So is the NHS Pension scheme good value for money?
Let’s start by comparing apples with apples! Is the NHS Pension the right kind of pension for you?
On the one hand, the new pension freedoms have made personal pensions the obvious, more attractive alternative haven’t they? The simple answer is ‘no’. The NHS Pension Scheme’s fringe benefits are hard to replicate elsewhere. Benefits such as the Ill Health Retirement Pension, Life Cover (death in service, although beware the caveats regarding GP locum work), and uplifts for any spouses pension are not included within a personal pension arrangement and if they were purchased as standalone policies could be more expensive.
To try to illustrate whether the NHS Pension Scheme is still good value for money, here are 3 age dependent examples*: age 25, 35 and 45.
As most are now in the 2015 scheme, I have based all examples purely looking at a contribution within that scheme.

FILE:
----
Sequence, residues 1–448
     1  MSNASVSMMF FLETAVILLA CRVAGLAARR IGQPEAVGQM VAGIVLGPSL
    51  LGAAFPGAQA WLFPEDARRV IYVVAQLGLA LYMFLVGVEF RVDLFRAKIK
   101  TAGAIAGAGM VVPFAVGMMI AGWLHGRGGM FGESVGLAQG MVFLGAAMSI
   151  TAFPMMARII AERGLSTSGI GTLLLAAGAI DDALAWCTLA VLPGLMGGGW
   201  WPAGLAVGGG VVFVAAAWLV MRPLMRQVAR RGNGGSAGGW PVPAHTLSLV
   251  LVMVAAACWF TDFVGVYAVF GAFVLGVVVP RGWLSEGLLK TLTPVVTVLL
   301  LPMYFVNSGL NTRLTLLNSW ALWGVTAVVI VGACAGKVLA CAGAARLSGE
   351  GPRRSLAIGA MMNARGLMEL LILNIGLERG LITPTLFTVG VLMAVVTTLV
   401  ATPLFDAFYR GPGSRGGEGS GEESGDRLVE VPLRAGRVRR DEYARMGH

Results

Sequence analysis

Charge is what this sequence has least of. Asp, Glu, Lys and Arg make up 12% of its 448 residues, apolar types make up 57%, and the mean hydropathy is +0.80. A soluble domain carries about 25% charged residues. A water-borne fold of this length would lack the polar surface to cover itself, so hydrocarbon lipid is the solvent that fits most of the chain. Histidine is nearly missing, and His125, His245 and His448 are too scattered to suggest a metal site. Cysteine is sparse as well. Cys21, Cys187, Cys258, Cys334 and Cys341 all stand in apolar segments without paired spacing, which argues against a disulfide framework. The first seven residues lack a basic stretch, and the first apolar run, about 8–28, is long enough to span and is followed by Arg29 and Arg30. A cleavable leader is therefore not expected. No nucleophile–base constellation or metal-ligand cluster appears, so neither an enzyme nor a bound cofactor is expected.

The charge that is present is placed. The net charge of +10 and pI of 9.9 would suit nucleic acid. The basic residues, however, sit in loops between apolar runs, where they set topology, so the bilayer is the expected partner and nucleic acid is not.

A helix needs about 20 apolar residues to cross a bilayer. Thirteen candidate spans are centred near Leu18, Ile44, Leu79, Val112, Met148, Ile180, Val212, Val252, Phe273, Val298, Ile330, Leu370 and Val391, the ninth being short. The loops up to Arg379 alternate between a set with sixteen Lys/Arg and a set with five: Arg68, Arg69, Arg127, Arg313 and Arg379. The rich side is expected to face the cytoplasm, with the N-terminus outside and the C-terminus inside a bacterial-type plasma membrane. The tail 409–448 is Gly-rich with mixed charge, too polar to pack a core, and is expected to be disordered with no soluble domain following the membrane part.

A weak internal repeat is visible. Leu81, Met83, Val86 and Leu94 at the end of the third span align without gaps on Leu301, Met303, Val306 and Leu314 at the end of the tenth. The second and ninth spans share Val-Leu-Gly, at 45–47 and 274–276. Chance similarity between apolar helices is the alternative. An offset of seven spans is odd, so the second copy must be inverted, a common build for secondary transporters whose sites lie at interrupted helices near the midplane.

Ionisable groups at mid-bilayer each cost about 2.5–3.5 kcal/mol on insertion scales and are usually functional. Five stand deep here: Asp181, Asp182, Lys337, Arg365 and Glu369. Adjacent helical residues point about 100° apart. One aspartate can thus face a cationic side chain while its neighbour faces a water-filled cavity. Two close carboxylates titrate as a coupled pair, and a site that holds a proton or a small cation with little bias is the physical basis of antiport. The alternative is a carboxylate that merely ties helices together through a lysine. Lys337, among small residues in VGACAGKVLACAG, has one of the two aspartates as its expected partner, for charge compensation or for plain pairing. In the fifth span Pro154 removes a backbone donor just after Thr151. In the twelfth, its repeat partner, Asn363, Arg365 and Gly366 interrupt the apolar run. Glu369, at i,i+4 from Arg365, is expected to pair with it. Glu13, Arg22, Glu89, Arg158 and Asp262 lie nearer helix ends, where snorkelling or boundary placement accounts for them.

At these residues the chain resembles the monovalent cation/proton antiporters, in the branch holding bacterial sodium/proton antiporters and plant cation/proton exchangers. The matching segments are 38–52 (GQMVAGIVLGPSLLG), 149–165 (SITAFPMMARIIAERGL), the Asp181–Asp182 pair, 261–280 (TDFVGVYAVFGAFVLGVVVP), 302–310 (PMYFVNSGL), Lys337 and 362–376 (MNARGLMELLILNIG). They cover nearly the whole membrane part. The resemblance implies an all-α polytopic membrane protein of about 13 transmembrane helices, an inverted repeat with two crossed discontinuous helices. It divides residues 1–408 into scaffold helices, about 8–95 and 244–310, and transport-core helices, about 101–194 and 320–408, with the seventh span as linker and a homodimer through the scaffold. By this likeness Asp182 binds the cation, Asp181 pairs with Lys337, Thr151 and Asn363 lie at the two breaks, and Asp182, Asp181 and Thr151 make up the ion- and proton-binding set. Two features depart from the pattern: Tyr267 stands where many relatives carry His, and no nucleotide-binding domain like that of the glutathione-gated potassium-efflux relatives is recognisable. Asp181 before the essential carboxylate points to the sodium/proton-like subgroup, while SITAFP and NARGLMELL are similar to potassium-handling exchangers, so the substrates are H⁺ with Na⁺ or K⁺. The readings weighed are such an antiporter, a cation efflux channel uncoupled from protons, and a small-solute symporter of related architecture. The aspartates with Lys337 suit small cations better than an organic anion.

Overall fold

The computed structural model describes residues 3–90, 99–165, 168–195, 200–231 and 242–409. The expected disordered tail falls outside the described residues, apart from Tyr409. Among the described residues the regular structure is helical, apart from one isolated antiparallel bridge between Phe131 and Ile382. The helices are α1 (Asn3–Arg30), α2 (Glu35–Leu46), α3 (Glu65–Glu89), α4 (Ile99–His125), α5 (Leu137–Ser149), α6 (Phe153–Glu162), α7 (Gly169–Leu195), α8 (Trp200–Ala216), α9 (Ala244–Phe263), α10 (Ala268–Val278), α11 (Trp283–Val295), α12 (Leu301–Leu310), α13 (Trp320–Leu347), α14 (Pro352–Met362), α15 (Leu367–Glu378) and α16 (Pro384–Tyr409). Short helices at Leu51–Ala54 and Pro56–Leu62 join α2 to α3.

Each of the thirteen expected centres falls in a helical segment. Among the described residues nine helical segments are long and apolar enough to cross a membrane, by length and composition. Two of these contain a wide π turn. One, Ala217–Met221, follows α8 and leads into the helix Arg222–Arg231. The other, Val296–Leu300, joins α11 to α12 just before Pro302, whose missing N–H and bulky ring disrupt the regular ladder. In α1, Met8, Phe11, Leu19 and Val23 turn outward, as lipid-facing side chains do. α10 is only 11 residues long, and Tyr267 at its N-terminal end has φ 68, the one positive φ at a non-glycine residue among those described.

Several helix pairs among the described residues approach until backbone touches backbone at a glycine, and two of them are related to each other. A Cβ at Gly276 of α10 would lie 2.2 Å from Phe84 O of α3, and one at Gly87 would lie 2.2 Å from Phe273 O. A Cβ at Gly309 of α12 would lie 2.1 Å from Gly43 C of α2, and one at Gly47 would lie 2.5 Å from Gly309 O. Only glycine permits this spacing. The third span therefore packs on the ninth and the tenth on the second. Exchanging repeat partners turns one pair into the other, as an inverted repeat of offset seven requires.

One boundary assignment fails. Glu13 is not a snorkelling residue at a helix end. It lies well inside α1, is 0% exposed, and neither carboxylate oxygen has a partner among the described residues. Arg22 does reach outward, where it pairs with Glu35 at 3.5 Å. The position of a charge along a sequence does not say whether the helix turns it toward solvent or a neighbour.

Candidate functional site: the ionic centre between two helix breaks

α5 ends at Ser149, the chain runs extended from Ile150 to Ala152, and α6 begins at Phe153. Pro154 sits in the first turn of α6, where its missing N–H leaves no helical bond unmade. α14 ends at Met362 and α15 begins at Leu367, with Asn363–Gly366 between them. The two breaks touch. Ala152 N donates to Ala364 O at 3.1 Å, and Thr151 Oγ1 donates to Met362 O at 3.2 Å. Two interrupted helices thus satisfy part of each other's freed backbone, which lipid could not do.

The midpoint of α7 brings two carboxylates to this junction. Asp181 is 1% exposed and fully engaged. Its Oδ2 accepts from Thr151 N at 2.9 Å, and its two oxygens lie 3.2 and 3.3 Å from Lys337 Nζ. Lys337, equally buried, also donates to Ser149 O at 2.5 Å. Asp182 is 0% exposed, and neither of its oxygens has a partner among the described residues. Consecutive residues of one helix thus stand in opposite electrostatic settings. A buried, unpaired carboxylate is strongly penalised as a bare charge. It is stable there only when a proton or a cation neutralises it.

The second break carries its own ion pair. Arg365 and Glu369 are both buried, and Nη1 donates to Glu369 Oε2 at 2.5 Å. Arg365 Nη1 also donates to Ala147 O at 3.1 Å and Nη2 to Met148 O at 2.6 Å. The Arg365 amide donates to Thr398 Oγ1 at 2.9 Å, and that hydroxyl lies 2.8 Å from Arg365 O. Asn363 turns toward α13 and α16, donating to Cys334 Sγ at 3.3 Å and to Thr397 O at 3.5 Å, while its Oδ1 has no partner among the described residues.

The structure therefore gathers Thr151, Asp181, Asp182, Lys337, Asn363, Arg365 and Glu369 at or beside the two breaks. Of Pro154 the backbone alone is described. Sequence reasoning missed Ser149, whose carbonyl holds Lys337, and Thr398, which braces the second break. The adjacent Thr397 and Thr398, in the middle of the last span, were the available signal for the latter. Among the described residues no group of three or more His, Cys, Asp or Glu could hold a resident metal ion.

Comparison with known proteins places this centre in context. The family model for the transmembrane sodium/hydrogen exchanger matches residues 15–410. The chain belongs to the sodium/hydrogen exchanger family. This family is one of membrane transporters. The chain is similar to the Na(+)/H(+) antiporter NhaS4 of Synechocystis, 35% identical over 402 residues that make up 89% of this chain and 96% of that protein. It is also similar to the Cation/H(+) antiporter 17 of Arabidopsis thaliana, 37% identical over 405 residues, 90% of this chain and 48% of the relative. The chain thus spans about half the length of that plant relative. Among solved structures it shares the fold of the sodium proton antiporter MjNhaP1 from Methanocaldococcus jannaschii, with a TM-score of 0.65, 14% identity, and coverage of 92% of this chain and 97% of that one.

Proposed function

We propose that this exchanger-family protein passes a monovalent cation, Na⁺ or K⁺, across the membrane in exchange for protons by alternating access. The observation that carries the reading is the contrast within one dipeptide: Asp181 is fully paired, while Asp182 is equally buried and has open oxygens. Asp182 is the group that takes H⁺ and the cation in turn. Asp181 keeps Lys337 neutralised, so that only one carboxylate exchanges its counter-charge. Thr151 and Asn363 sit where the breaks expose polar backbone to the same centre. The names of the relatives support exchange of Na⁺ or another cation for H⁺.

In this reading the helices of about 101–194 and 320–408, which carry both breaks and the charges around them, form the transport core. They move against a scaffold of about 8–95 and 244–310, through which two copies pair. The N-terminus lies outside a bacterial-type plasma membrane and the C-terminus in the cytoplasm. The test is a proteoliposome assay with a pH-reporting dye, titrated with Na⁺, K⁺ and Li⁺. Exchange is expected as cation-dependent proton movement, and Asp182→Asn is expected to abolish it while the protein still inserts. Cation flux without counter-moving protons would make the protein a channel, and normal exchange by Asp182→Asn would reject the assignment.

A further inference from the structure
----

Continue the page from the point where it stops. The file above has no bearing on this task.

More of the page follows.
You’re 25 years old
(hypothetical - too young to be a GP!)
- Your basic pay is £30,000. Your planned retirement age is 68 (state pension age).
- NHS Pension vs Personal Pension for a 25 year old
- 1 year’s NHS Pension contribution will give you an NHS Pension of £2,356.25 per annum (index linked) at age 68.
- To provide an equivalent pension at age 68, you would have to pay 29.2% of your basic pay that year into a personal pension. That’s 19.9% more than the 9.3% contribution that you currently pay into your NHS Pension.
You’re 35 years old
- Your basic pay is £45,000. Your planned retirement age is 65 (earlier than state pension age and 2015 scheme pension age).
- NHS Pension vs Personal Pension for a 35 year old
- 1 year’s NHS Pension contribution will give you an NHS Pension of £1,920.91 per annum (index linked) at age 65.
- To provide an equivalent pension at age 65, you would have to pay 35.3% of your basic pay that year into a personal pension. That’s 26% more than the 9.3% contribution that you currently pay into your NHS Pension.
You’re 45 years old